Some of them went very well, with patient gamers who got along and were able to break into subteams for various tasks, from role-playing and resource management to exploration and combat. However, some of those groups broke up and spun off into other games, depending on geography, other would-be Game Masters, or the dreaded interpersonal conflicts and rules lawyering.

    Lately, many of my players have expressed preference for groups of six or fewer, although I find it more difficult to have quorum when one of four people is missing vs. one of eight. We also have space limitations (I can comfortably seat only about eight in my basement), and the older gamers have work and family obligations that limit their flexibility for scheduling. I’m running two sessions per week, so I don’t want to run more side teams. I’m OK with a half dozen or more, as long as everyone is ready to have fun.

  13. I should add that a part of my “7 is fine” is based on the idea that you’ll likely have someone missing from most sessions. This was based in part on Vanir’s statement about coordinating schedules and such. I agree that 5 or 6 is really ideal and the game seems to flow much better with those numbers. With my group though, if I limited it to 5 or 6 we’d usually have between 3 and 5 available for any given session. The main advantage for my 7 man group is that we have a set schedule so there’s no “when can we get together next?” If I thought I would have 7 at the table every time, I might be a bit more concerned.

  14. I used to work at Wizards of the Coast. Around Christmas 2002, I discovered that some of the young people editing and marketing D&D had lots of training and credentials, but little to no experience with the game. I volunteered to run one, and my boss was very supportive. I started out with six players and a waiting list. The list was handy because we had some turn-over in the early days. Then the editors moved en masse to another department, and some of their new co-workers wanted to play. Between the dregs of the waiting list and these new players, I had enough for a second group. Again, my boss was supporting. I was evangelizing our brand, after all. So I ran two groups of six each through the same material for about four years.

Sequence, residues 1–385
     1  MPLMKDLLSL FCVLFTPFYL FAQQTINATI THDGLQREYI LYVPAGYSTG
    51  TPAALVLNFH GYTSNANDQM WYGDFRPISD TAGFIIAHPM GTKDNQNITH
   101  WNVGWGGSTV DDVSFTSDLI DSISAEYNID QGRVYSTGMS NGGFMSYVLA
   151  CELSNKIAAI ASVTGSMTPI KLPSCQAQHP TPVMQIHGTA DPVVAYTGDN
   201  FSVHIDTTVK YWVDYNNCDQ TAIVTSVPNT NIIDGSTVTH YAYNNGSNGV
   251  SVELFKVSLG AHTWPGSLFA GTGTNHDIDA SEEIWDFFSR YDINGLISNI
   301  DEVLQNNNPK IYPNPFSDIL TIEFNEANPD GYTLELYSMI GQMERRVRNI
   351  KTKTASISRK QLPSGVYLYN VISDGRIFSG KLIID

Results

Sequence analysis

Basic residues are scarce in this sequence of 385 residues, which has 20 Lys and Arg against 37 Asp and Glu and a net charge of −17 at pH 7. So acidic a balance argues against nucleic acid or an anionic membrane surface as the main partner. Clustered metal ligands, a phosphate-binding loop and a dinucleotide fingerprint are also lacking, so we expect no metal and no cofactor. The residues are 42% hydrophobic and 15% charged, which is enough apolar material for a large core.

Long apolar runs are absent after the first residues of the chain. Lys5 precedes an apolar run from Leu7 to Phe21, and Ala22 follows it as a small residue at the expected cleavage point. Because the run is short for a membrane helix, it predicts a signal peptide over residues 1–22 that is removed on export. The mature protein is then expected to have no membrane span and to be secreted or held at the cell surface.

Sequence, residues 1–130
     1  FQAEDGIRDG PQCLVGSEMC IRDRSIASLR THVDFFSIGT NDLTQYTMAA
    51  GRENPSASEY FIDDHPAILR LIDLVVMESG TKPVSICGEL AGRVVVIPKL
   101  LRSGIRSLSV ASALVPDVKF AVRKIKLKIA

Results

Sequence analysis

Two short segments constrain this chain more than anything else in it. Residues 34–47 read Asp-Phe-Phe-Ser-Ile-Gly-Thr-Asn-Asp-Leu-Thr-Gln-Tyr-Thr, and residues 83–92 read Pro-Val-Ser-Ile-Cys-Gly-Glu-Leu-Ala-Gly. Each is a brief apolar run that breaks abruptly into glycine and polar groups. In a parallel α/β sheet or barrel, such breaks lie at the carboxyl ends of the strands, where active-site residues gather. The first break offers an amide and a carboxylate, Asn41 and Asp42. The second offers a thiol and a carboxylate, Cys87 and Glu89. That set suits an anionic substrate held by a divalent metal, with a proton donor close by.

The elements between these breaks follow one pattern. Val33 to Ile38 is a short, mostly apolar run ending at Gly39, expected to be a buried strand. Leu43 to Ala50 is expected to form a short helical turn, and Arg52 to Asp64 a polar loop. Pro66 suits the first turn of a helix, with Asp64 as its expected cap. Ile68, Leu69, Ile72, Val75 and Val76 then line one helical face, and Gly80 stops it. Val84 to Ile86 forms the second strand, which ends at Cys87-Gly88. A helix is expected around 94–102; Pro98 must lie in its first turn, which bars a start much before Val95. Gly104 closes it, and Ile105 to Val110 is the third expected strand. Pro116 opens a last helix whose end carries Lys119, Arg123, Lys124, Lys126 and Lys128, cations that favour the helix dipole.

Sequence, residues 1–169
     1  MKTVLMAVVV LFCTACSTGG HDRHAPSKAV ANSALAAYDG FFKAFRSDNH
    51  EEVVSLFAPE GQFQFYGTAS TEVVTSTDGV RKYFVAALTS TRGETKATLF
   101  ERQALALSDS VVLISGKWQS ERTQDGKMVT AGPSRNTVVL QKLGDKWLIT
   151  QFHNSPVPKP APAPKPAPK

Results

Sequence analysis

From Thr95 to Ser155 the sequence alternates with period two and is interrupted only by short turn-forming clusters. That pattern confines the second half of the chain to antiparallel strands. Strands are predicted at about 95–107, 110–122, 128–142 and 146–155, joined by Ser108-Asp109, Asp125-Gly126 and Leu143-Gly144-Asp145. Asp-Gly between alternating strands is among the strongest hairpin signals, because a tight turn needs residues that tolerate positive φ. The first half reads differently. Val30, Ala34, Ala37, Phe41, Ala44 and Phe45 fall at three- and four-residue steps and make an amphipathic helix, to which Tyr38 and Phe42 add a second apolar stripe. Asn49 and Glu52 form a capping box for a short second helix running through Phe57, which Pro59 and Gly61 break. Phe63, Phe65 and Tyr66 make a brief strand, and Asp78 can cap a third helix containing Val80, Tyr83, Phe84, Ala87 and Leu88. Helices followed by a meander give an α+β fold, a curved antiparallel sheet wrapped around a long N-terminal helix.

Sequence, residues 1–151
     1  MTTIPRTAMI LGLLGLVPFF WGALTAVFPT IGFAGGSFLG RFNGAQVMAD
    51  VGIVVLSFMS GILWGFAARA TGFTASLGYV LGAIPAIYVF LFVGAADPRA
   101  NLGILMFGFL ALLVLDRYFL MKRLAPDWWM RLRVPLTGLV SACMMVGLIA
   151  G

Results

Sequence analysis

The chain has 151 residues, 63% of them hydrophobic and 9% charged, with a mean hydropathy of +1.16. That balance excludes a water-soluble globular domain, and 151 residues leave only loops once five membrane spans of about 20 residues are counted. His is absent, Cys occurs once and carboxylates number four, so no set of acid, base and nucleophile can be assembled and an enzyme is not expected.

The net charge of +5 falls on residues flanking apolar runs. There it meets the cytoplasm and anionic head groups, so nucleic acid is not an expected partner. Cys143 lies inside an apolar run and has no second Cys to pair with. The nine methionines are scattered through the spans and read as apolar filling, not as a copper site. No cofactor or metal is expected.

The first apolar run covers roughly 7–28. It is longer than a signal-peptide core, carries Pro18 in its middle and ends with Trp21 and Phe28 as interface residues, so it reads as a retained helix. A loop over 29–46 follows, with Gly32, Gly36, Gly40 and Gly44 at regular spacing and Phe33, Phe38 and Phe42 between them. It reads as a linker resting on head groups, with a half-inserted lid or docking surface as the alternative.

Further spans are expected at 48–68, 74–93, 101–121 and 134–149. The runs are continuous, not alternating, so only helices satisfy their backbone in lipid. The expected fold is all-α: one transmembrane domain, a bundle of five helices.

15. CrowOfPyke says:

    I have done groups of 4, 5 and 6. Each has its benefits and drawbacks.

    Four players and the rotation of focus on each PC moves quickly. There can be a lot of back and forth and who does what in what order and who has the spotlight matters far less. This is great for groups that are RP heavy with players who like the spotlight. And combat moves quickly. The drawback is that if the party gets overwhelmed in a combat they have fewer resources to fall back on, which can lead to some trickiness for the DM. I had a Vampire Camarilla campaign turn into Sabbat campaign because the table of 4 players made a few mistakes… resulting in a new campaign direction! You have to be more flexible with potential PC/party failure.